Milestone Ratifications of Seafarers’ Labor Rights Charter

ILO press release
Monday, August 20, 2012

The ILO’s Maritime Labour Convention has now been ratified by 30 countries, meaning it will go into effect in a year’s time. The charter sets out the labour rights of the world’s 1.2 million seafarers.

The ILO has received the 30th ratification of the Maritime Labour Convention, 2006 (MLC, 2006) fulfilling the last condition for the first global standard that spans continents and oceans to go into effect in a year’s time. “This is great news for the world’s more than 1.2 million seafarers,” said ILO Director General Juan Somavia. “It was a dream of the ILO as early as 1920, and I pay tribute to the international maritime community for having made it a reality.”


The MLC, 2006 was adopted unanimously in 2006 but there were two requirements still to be met before it could come into force. The ratification by Russia and the Philippines fulfills the requirement that at least 30 ILO member countries ratify the Convention. The other requirement - that ratifying countries represent 33 percent of the world’s gross shipping tonnage - was met in 2009.


Under the MLC, 2006 every seafarer has the right to:


  • A safe and secure workplace that complies with safety standards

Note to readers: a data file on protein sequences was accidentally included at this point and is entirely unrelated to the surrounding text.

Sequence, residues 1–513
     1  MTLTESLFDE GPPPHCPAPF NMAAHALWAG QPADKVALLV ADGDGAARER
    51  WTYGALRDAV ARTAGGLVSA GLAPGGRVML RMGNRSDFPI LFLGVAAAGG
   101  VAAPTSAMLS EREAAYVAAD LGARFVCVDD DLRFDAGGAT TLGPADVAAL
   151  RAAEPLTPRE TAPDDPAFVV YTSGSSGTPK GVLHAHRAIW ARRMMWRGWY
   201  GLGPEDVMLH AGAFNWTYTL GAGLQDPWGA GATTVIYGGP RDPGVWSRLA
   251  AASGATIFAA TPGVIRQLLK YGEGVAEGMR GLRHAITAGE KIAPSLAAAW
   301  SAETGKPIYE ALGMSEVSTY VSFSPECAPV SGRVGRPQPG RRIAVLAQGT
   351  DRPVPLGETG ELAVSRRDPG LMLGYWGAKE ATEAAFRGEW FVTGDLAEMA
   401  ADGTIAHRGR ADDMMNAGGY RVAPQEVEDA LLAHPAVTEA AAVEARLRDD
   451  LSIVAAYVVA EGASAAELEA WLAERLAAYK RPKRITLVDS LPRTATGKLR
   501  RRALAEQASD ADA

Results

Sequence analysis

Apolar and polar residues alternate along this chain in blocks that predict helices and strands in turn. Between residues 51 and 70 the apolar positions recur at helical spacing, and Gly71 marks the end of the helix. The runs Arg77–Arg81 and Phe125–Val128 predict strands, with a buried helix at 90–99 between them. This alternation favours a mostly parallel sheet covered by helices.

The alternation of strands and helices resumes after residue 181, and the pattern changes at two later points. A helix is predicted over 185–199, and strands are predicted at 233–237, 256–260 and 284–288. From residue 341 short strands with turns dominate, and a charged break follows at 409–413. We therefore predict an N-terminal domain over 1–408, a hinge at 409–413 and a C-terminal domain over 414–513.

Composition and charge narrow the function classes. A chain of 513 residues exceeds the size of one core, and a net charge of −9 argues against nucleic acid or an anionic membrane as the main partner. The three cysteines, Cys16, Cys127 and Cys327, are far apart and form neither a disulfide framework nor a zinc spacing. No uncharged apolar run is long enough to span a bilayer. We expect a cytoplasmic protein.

• Fair terms of employment
  • Decent working and living conditions on board ship
  • Health protection, medical care, welfare measures and other forms of social protection


The 30 countries represent nearly 60 percent of the shipping tonnage. This means that seafarers working on more than 50 per cent of the world’s international shipping will be covered by the new Convention. “This is a remarkable achievement,” Somavia said. “Not only are these first 30 ratifications drawn from almost every region of the world, but the tonnage level is nearly double the required amount.”


The MLC, 2006 establishes minimum requirements for almost all aspects of working conditions for seafarers including conditions of employment, hours of work and rest, accommodation, recreational facilities, food and catering, health protection, medical care, welfare and social security protection.


“Each State is tasked not only with ensuring that ships flying its flag meet the ‘decent work’ requirements set out in the Convention, but also with certifying that those ships comply with the requirements relating to labour conditions.” said Cleopatra Doumbia-Henry, Director of the ILO’s International Labour Standards Department.


This certification will also facilitate inspections of ships. The Convention places great reliance on the system allowing for inspections to be carried out by other countries, known as port State control. There is also a mechanism which records seafarers’ complaints, as well as a reporting mechanism which spots failures no matter where a ship travels.